For most of the history of Western civilization, philosophy was, if not vital, at least relevant, and usually more than that. From the first philosopher, Thales, who lived in the 6th Century B.C., until the 19th Century, philosophers asked important questions about the nature of reality and the role of people in the world.
But in the 20th Century many academic philosophers somehow got off the track--at least in the English-speaking world. Most professional philosophers ceded many of their traditional questions to the sciences, particularly physics, and apparently became bored with many others. They turned instead to increasingly smaller and less-relevant inquiries into the nature of language and how it describes reality. By concentrating on these highly technical questions, philosophy lost its sweep and grandeur and has become something of a footnote to intellectual life. Is there a contemporary philosopher who follows in the tradition and fills the footsteps of Socrates, Plato, Aristotle, Augustine, Descartes, Leibniz, Kant, Hegel, Nietzsche and William James? You'd have to search long and hard to find one. Nowadays academic philosophy increasingly speaks only to its practitioners and has become moribund.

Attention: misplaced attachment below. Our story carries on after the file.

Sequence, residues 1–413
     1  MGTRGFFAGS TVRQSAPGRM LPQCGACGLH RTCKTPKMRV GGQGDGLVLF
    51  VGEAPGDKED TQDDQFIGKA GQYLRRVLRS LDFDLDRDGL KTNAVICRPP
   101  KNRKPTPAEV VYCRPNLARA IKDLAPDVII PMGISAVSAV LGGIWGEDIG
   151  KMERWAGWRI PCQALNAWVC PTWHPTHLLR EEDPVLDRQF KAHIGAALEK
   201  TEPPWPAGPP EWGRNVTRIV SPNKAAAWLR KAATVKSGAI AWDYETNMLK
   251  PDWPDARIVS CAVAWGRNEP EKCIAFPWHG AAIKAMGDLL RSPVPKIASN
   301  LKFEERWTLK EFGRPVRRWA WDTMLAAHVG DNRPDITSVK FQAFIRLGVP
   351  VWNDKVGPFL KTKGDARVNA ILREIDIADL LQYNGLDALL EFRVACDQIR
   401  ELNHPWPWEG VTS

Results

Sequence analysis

So it is a pleasure to read the lead article in the summer issue of The American Scholar in which Stephen Toulmin, a physicist turned philosopher at Northwestern University, notes with approval the revival of "practical philosophy"--public debates about environmental policy, medical ethics, judicial practice and nuclear politics.